Past Event

Past Event

A debate on fiscal rules and the new monetary strategy

Presentation of the Yearbook of the Euro 2022.

Speakers: Maria Demertzis, Fernando Fernández, Gonzalo García Andrés, José Carlos García de Quevedo, Pablo Hernández de Cos and Jorge Yzaguirre Topic: European governance Location: Bruegel, Rue de la Charité 33, 1210 Brussels Date: February 17, 2022
Read article More on this topic

Blog Post

Venture capital: a new breath of life for European entrepreneurship?

Whether the dynamism of European venture capital of the past two years can be sustained and kick start a credible alternative to bank finance in the European Union remains to be seen.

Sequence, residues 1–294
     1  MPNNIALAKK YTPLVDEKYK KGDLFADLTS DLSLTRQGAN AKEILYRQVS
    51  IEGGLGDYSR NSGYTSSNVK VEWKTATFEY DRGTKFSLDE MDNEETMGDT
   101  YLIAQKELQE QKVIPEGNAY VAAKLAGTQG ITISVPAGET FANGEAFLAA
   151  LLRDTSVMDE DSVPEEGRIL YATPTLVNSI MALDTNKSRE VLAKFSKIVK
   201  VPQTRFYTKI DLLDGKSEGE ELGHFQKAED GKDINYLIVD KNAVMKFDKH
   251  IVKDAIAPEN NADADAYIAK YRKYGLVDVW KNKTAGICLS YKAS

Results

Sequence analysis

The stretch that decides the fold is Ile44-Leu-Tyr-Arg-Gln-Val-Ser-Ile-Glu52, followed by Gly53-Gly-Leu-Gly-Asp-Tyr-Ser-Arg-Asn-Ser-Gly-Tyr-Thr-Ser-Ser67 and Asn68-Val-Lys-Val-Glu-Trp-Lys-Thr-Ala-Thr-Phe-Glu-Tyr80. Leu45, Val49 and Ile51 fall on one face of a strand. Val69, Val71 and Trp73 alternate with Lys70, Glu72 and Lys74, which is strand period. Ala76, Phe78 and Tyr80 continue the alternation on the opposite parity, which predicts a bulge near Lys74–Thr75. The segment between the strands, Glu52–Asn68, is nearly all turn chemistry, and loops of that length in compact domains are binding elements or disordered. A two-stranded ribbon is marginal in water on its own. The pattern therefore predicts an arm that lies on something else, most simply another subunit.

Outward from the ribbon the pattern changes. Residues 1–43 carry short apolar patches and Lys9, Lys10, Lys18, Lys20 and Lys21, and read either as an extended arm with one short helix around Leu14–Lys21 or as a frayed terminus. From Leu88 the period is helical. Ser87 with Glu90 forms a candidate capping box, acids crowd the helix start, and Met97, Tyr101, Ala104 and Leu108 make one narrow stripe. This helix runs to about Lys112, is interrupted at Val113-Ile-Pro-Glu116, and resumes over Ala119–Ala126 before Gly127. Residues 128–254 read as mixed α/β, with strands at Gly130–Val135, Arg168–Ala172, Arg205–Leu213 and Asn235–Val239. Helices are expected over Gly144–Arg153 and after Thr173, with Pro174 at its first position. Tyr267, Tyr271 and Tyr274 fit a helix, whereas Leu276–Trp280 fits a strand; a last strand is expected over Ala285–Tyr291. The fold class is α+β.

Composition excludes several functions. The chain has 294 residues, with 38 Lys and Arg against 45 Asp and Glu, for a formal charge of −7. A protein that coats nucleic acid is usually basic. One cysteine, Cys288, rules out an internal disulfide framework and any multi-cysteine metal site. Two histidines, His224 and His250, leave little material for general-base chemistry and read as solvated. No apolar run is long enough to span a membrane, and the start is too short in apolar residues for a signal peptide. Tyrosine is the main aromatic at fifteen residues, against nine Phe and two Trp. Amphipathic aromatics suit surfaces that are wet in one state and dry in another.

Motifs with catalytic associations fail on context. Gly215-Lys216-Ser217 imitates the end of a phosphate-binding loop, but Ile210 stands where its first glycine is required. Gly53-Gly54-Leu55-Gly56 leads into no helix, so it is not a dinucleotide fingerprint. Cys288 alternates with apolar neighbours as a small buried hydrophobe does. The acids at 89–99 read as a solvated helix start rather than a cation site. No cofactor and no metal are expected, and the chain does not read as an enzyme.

By: Maria Demertzis and Lionel Guetta-Jeanrenaud Topic: Banking and capital markets Date: February 10, 2022
Read article Download PDF More on this topic More by this author

Policy Contribution

European governance

Does Europe need a Health Union?

This Policy Contribution assesses the rationale for a Health Union. Section 1 provides a historical perspective on health provisions in the European Union treaties. Section 2 gives an overview of the achievements of EU health policies. Section 3 explores the need for an overall health strategy and section 4 identifies the areas that would benefit from closer integration.

By: Anne Bucher Topic: European governance Date: February 8, 2022
Read article Download PDF More on this topic

Working Paper

The effect of COVID certificates on vaccine uptake, public health, and the economy

An analysis of the incentive effects of COVID certificates on vaccine uptake, health outcomes and the economy.

By: Miquel Oliu-Barton, Bary Pradelski, Nicolas Woloszko, Lionel Guetta-Jeanrenaud, Philippe Aghion, Patrick Artus, Arnaud Fontanet, Philippe Martin and Guntram B. Wolff Topic: Digital economy and innovation Date: January 17, 2022
Load more posts